Los Angeles bomb technicians miscalculated the weight of homemade fireworks when they detonated them last month, setting off an explosion that rocked a residential neighborhood and injured 17 people, officials said Monday.
Five members of the LAPD bomb squad have been removed from field duties and could face discipline as an investigation into the June 30 incident in South Los Angeles continues, police Chief Michel Moore said during a news conference. The explosion came after a day spent by the LAPD disposing of thousands of pounds of commercial fireworks inside a home after authorities received a tip bout the large cache.
Those fireworks were destroyed at another site. Also found at the home were homemade fireworks that were leaking, prompting the bomb squad to determine they were unsafe to move.
They examined them by X-ray and robotics and loaded them into the detonation chamber, officially called a total containment vessel.
Without using a scale, as is allowed by Los Angeles police procedures to avoid additional handling of the unstable devices, bomb technicians estimated the weight of the homemade explosives and a counter-charge to be about 16.5 pounds.
"Based on information gathered at this point, it is believed that the net explosive weight placed into the [vessel] exceeded its rated capacity," Moore said.
The explosion — which damaged dozens of homes, businesses and vehicles just days before July Fourth — was highly unusual, officials say, because such containment chambers are designed to withhold blasts. The bomb technicians overloaded it above the safety rating, however, even as authorities are investigating if the detonation device had a defect.
The truck-mounted chamber used on June 30 had been in service for a decade and was being used for the 42nd time, officials said.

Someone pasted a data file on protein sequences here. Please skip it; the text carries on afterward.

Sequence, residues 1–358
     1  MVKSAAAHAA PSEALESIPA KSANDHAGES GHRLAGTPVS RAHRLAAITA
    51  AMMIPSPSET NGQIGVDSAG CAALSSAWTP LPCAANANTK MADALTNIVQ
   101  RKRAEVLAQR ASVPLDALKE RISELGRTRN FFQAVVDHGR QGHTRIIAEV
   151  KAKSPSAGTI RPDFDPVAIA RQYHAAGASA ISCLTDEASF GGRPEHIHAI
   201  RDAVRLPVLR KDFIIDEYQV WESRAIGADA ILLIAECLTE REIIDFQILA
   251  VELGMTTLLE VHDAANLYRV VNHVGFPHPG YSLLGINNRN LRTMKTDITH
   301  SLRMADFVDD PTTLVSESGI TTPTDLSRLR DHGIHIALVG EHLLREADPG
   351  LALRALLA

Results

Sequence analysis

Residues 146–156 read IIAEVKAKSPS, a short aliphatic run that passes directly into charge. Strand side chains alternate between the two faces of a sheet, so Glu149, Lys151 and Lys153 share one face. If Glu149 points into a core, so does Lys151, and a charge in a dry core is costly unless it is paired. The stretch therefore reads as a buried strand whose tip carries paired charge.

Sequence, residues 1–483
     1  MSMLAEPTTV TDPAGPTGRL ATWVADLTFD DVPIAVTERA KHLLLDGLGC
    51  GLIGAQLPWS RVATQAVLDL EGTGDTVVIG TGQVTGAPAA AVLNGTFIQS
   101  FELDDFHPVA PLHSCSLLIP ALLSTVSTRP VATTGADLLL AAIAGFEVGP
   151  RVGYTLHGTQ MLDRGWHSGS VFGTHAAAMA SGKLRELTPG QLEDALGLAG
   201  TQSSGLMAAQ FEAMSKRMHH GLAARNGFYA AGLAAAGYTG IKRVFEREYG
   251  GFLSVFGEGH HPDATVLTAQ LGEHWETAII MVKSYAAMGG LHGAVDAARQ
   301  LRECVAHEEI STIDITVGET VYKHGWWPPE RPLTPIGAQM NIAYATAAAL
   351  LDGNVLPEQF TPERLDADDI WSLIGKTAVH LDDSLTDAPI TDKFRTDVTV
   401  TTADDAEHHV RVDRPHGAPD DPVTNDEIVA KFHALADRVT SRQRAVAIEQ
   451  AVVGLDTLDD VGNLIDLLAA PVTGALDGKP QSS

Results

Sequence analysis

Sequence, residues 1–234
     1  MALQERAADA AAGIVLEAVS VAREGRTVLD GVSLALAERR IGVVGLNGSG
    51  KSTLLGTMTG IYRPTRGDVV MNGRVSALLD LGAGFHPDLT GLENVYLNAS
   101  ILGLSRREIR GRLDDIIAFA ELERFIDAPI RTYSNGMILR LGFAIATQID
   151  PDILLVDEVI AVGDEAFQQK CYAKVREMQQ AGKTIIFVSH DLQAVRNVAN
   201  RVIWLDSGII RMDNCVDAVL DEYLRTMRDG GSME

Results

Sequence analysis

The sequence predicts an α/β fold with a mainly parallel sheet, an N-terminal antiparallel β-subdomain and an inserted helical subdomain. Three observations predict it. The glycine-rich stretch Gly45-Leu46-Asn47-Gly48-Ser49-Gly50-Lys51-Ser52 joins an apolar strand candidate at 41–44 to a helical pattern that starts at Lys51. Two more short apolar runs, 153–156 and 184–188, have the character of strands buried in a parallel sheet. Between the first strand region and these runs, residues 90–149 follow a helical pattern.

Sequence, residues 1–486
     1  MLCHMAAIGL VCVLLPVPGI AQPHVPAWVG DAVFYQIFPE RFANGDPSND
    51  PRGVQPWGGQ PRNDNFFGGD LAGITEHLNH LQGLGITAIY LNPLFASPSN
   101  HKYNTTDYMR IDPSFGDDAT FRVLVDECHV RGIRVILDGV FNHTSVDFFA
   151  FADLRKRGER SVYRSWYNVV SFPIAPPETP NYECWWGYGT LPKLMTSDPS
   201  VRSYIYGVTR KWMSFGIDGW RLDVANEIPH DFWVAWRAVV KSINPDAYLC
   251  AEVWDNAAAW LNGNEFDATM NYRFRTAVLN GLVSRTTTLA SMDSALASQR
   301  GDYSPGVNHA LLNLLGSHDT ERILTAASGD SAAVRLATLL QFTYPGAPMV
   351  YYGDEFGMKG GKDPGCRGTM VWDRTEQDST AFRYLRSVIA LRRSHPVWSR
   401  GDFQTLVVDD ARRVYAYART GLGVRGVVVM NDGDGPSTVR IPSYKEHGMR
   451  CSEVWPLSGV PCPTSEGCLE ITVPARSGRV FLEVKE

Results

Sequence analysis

Among those injured were nine police officers and a federal agent. One officer is still recovering at home, authorities said. The blast prompted criticism about the decision to detonate the explosives in the middle of a residential neighborhood.
Los Angeles City Councilman Curren Price said he was "infuriated" by the findings released Monday.
"This is by far one of the LAPD's biggest blunders in recent history, which has further betrayed the trust of our South LA Community," he said in a statement. "My constituents feel that this was a blatant disregard for their safety and our community of color.
"This tragedy could have been prevented and I wholeheartedly believe that additional safety precautions would have been taken in a more affluent community," he added.
Authorities believe the fireworks were purchased in Nevada with the intention of selling them in the neighborhood days before the Fourth of July weekend.
The man arrested in connection with the fireworks, Arturo Ceja, 26, has been charged with suspicion of possessing a destructive device. He was released on a $500,000 bond. He is due back in court in October.
The Associated Press contributed to this report.